New Last Name by Courting album review by Robin Green for Northern Transmissions


New Last Name


Surrounded by emerging UK alternative acts, genre-hoppers Courting stand out from their peers. From their home of Liverpool, the foursome have been releasing music for a few years now. Their 2020 single “Popshop!” is an ambitious and catchy debut that carries a sentiment we’ve all heard before: success, especially where the music industry is concerned, can too often come at the expense of one’s own freedoms. The result is a Britpop track for the 21st century. The band’s 2022 full-length Guitar Music brought us “Tennis”, a bass-driven tune where singer Sean Murphy-O’Neill delivers a humorous tale of paying for sex delivered in a steady deadpan that wouldn’t feel amiss on an Idles EP.

Courting’s upcoming sophomore album New Last Name is a 15 year old unearthed Myspace comment, filled with youthful yearning and a mid-aughts nostalgia. The band have been described as both post punk and hyperpop, with their “Songs That Inspired ‘New Last Name’” playlist containing everything from Bladee to Prince to early Fall Out Boy. The album opens strong with “Throw”, four minutes of rhythmic pop punk that makes unrequited love sound bearable. Upheld by drummer Sean Thomas with basslines from Connor McCann, it sets the tone of the album as Murphy-O’Neill repeats “If someone’s God really made you look that pretty/I would throw my back out prayin’”. The track dissolves into a tangle of guitars behind a repeated chorus reminiscent of summer 2007.

Just as they did on Guitar Music, Courting throws us for a loop. For every steadfast rock song on the album, there’s a song with synth beats slipped in, another using autotune to soften any hard edges they might have. This works at times, but the tracks that stand out for me are the ones with clearer vocals. “Flex” uses a trumpet to pull us through wistful days of longing in the digital age, complete with a direct reference to The Killers’ “Mr. Brightside” and a hopeful, funny declaration of “I just wanna ball out with my friends”. “Emily G” and the album’s final track “America” fall into a similar category. With their noisy glitches and guitarist Josh Cope’s soft chords, both tracks manage to capture heartbreak while mentioning the year 2009.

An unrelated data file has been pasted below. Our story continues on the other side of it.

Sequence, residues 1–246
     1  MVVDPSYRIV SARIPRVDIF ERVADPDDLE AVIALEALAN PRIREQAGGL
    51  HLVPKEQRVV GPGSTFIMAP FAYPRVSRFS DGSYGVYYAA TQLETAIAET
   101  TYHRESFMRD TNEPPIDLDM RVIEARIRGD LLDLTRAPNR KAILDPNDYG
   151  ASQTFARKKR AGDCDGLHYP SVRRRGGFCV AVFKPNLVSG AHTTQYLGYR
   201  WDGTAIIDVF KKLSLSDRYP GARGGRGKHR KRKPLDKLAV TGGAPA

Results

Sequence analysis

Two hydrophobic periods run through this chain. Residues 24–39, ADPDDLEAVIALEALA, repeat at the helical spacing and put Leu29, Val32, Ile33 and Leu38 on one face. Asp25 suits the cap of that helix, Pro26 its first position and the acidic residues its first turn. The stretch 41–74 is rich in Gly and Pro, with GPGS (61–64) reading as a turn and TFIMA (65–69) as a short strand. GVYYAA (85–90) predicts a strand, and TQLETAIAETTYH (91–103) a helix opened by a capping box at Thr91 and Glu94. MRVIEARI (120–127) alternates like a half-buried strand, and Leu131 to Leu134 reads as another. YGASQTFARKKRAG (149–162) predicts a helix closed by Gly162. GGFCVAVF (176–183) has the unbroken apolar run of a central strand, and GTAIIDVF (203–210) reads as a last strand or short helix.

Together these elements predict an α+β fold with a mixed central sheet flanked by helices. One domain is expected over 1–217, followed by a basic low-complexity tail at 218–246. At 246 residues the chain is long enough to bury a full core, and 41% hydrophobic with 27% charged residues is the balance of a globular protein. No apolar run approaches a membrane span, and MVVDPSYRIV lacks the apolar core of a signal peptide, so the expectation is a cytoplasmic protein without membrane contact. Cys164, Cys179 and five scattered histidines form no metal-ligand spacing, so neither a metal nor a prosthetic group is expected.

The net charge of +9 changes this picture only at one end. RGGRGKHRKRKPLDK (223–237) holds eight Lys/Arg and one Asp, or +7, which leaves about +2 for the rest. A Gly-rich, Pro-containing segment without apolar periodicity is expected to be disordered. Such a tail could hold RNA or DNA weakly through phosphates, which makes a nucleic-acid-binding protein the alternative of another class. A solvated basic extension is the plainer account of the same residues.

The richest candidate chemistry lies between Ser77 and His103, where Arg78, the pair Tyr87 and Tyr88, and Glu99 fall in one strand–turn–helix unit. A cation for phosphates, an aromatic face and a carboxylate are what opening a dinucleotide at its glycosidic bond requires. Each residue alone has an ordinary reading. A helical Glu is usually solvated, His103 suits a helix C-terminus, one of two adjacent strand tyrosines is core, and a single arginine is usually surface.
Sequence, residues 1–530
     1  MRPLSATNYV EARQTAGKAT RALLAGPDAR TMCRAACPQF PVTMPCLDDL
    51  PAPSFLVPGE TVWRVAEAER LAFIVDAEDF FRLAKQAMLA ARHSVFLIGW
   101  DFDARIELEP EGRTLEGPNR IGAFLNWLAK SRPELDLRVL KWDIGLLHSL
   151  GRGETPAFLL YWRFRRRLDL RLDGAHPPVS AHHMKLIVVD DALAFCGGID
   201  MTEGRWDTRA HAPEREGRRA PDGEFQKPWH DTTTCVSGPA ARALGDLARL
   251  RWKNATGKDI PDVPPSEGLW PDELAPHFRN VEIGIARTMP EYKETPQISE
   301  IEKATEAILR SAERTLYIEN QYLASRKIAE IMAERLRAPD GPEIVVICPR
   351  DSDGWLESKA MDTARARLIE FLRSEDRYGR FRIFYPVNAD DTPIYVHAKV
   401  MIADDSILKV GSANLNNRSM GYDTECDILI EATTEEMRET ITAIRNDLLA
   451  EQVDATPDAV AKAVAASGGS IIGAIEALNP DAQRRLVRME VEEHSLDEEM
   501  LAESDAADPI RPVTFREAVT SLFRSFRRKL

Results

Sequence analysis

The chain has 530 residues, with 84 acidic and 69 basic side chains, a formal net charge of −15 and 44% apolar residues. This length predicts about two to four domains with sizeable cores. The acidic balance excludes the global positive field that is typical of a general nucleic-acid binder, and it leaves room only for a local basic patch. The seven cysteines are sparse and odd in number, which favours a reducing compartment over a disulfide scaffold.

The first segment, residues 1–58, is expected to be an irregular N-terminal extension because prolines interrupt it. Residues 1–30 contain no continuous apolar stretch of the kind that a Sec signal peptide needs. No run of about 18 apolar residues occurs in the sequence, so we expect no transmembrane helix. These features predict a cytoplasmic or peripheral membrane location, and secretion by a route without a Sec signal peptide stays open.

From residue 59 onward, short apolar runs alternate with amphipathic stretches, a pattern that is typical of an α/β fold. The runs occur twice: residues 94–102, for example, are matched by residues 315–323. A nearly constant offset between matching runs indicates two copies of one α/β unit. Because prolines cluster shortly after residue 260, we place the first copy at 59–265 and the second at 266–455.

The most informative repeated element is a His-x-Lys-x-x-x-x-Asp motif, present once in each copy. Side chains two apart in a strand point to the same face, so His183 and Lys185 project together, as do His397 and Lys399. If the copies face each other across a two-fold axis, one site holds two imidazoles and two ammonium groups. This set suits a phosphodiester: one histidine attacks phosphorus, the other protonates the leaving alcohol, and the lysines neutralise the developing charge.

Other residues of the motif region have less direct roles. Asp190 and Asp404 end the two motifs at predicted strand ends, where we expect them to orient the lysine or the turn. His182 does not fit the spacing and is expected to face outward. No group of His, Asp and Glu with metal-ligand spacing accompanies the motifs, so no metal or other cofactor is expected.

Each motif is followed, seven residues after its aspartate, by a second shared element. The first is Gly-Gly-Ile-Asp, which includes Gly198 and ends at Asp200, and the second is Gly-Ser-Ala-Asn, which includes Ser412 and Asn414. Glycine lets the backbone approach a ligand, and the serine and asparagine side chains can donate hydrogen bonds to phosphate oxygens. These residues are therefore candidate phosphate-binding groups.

The third single released this year, “We Look Good Together (Big Words)”, is a bright spot on the album. With electric drum fills and clean chords reminiscent of New Order, Courting have decided to stick 80s synthpop in a world where the IPod nano exists. “Babys” brings in a piano and Joe Gordon Potts provides notes from a saxophone, a calming intermission that leads into “The Wedding” before the LP wraps up.

With the band often wielding giant swords and posts advertising the album as if it were a play, Courting knows how to pull us into their world, insistent that we all recognize their sense of humor as well as their songwriting. Though I can see myself streaming this fifteen years ago via patchy dial-up internet, New Last Name is out January 26th, 2024, on Lower Third Records.

Pre-order New Last Name by Courting HERE


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